I have always been passionate about education and supporting children’s abilities to learn in whatever modality is best suited for each person. For many years, I considered becoming a classroom teacher and I absolutely enjoyed student teaching, peer mentoring and tutoring over the years. At the same time, I was a science enthusiast and considered a career in medicine. My interest in science was always of a practical nature- how can this knowledge help me understand my own experience of the world in a more complex way and help others. The field of audiology is a wonderful area of healthcare in this way; it is necessarily related to how we communicate and engage with the world. One of my favorite aspects of being an audiologist is sharing my knowledge to help a patient/parent understand their circumstances, in other words, teaching!
Now, I am an educational audiologist at School for the Deaf in New York, combining all my passions. What does an educational audiologist do? Let me tell you more about our school and about my responsibilities in the school.
Population: Most of our ~65 students have either cochlear implants or hearing aids. And many of the students have additional co-morbidities, including cognitive impairment, Autism Spectrum Disorder, visual impairment, physical disabilities, and medical issues. Some of the classes have a special education designation and have a 6:2:1 ratio, meaning up to six children, with two assistants and 1 teacher. Other classrooms have a 6:1:1 ratio.
Communication Mode: We are a “Total Communication” (TC) school, which means teachers sign and speak together in a mix of signed English and American Sign Language (ASL). ASL is a distinct and unique language with its own syntax, structure, culture etc. Signed Exact English is different in that each individual morpheme is also signed to mimic English. For example:
“The mother prepared lunch for her children.”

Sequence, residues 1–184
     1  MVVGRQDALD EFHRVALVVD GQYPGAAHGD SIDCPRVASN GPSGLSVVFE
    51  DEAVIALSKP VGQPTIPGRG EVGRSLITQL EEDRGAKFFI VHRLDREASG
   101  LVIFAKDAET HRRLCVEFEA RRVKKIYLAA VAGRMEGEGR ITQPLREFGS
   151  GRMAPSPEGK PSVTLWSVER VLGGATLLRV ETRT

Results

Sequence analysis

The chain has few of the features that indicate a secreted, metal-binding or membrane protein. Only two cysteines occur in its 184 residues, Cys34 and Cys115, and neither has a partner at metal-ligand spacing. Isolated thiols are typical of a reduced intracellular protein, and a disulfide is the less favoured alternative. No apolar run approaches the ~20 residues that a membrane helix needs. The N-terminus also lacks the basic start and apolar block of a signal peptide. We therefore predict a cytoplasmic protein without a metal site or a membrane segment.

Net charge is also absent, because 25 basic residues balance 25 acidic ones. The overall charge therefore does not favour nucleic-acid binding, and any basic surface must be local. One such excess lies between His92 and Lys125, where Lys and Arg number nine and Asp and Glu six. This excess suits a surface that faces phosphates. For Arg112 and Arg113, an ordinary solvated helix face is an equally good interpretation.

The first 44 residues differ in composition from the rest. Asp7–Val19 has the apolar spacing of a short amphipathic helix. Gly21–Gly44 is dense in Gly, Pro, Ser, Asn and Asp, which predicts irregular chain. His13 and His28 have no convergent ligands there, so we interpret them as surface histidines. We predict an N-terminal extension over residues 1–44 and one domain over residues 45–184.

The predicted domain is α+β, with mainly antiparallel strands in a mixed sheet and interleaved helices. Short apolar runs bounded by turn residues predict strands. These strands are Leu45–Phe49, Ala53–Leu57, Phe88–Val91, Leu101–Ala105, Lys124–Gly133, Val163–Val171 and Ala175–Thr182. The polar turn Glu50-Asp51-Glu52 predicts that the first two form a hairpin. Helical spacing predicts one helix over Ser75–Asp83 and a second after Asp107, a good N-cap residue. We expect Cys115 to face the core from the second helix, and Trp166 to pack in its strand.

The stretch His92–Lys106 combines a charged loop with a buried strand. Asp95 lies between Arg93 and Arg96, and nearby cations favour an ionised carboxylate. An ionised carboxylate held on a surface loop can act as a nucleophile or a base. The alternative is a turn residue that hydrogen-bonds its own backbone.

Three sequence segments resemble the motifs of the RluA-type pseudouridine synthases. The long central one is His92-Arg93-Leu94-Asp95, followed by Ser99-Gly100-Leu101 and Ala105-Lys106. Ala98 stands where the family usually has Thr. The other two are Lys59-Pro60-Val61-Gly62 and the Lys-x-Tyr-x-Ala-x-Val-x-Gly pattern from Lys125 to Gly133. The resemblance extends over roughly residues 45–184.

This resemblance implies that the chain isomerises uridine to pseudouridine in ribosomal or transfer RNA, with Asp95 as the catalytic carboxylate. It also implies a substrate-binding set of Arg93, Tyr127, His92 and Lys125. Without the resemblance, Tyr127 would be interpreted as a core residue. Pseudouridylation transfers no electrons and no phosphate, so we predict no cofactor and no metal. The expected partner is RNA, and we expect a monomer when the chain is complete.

In ASL, this may be signed using a combination of the signs /prepare/ /lunch/ /mother/ /for/ /children/, and the order of signs is not necessarily set.
Whereas, in Signed Exact English, the signs would be in the exact word order of the sentence and would include designated sign for the article /the/ and to signify past tense /-ed/.
This is my understanding of a complex topic since being exposed to ASL and Deaf culture at the school. So, at our school, there is a mix that is dependent on each students’ and staff members’ communication mode, fluency, and ability. For example, there are several staff members who are Deaf and use ASL exclusively, while other hearing staff use the TC mode. Similarly with the students among whom there is a great range of language ability, proficiency, and a diversity of modes.
Students use ASL, communication boards, iPad devices, Picture-exchange Communication System (PECS) and spoken language/voice.
What I have learned is that audiologists must support language development in any mode, above the goal of auditory/oral development, taking into account the context of each individual child. There are students who are implanted but due to their cognitive ability, language comprehension, late implantation age, parental preference etc. are not on route to develop auditory/oral language skills. They must be given a way to express their needs, to reduce their frustration, to interact with their caregivers, service-providers, and peers. Whatever mode of language and communication will work for them is individually approached.